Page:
Background: Proton beam therapy (PBT) for pediatric CNS malignancies may reduce late toxicity, but acute toxicity is not well defined. We examined acute toxicity for children with CNS malignancies treated with PBT.
Procedure: We conducted a retrospective review of 48 children with malignant brain tumors treated with PBT at our facility from 2010 to 2012. For each patient, we recorded age at diagnosis, tumor location, histologic subtype, radiation dose, extent of radiation, and use of concurrent chemotherapy. Acute toxicity scores were recorded per the National Cancer Institute Common Terminology Criteria for Adverse Events version 4.0 at weekly on treatment visits. Maximum grade of fatigue, headache, insomnia, anorexia, nausea, vomiting, alopecia, and dermatitis over the radiation therapy treatment course were recorded, and rates of acute toxicity were calculated.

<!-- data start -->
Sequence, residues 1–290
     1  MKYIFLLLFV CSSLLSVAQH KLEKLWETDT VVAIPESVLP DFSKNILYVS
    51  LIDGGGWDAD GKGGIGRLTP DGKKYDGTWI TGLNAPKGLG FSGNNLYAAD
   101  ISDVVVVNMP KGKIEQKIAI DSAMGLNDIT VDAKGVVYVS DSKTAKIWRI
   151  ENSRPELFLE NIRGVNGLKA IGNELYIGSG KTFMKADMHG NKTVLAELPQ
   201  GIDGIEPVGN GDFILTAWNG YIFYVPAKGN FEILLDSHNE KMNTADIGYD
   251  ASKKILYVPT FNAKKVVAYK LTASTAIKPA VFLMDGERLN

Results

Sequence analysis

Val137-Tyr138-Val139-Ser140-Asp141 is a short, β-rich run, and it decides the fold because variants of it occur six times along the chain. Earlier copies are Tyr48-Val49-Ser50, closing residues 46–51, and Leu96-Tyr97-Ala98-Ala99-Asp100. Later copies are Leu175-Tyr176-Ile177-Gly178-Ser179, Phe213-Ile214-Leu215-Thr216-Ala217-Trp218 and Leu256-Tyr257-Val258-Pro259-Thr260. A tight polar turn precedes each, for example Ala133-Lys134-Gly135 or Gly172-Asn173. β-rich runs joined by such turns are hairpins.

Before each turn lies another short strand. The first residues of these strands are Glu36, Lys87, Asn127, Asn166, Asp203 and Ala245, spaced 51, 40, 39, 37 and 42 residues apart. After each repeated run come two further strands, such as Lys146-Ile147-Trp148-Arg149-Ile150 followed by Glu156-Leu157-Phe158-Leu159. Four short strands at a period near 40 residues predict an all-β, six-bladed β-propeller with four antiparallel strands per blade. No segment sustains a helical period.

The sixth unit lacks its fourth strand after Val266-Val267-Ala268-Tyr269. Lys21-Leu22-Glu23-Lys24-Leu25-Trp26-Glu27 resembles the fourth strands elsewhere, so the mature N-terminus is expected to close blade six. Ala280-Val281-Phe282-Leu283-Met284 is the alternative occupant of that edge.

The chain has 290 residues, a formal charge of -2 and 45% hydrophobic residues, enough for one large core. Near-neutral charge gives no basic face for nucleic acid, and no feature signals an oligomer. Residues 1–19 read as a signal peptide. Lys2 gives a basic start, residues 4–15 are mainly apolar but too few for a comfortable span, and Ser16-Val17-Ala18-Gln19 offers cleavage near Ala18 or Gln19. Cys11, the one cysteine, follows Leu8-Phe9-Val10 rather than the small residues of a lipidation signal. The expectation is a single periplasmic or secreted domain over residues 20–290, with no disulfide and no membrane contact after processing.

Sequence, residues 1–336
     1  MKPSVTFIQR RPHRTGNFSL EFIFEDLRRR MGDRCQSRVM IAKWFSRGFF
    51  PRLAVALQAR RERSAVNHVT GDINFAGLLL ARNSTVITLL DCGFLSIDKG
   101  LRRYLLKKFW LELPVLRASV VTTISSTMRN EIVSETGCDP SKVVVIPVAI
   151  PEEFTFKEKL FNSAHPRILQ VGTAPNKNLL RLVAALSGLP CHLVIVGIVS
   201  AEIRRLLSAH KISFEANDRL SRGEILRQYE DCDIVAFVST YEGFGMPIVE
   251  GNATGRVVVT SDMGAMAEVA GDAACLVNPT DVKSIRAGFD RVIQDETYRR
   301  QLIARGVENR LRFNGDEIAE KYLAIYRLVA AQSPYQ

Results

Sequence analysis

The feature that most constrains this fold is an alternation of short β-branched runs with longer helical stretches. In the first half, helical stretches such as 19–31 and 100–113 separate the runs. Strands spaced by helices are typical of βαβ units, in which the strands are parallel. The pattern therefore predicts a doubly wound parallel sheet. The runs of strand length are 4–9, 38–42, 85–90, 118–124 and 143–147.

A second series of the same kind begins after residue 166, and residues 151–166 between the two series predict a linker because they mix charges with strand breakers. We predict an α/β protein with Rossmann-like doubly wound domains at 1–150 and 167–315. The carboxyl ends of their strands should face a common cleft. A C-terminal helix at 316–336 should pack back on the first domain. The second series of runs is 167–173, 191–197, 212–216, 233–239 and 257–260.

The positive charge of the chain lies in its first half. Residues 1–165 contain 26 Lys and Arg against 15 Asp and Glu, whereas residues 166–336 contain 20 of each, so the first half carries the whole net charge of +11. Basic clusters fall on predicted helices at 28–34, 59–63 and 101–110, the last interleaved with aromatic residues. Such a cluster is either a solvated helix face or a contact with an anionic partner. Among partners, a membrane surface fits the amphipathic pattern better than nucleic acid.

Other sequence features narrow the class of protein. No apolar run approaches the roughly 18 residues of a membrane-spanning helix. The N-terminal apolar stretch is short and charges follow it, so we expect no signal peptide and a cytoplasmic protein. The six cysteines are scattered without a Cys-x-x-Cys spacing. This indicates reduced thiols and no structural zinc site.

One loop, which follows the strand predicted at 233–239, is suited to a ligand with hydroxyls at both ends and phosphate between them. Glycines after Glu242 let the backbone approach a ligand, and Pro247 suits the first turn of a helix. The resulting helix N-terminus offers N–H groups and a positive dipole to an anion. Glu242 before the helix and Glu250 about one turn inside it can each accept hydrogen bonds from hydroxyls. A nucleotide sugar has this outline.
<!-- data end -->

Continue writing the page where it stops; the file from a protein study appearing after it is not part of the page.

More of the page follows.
Results: The cohort consisted of 16 glial tumors, 9 medulloblastomas, 6 germinomas, 5 ependymomas, 4 craniopharyngiomas, 3 atypical teratoid rhabdoid tumors, and 5 other CNS tumors. The mean age was 10.8 years, and median dose was 5,400 cGy (RBE). Acute toxicities were generally low-grade and manageable. The most commonly observed acute toxicities were fatigue, alopecia, and dermatitis. The least common were insomnia and vomiting. Higher maximum grades for headache, nausea, and vomiting over the treatment course were associated with infratentorial location, while higher maximum grades for anorexia, nausea, and alopecia were associated with craniospinal radiation.
Conclusions: PBT appears to be well tolerated in pediatric patients with CNS malignancies. Acute toxicity can be managed with supportive care.
Keywords: brain neoplasms/radiotherapy; brain/radiation effects; child protons/therapeutic use; cranial irradiation; organs at risk/radiation effects.
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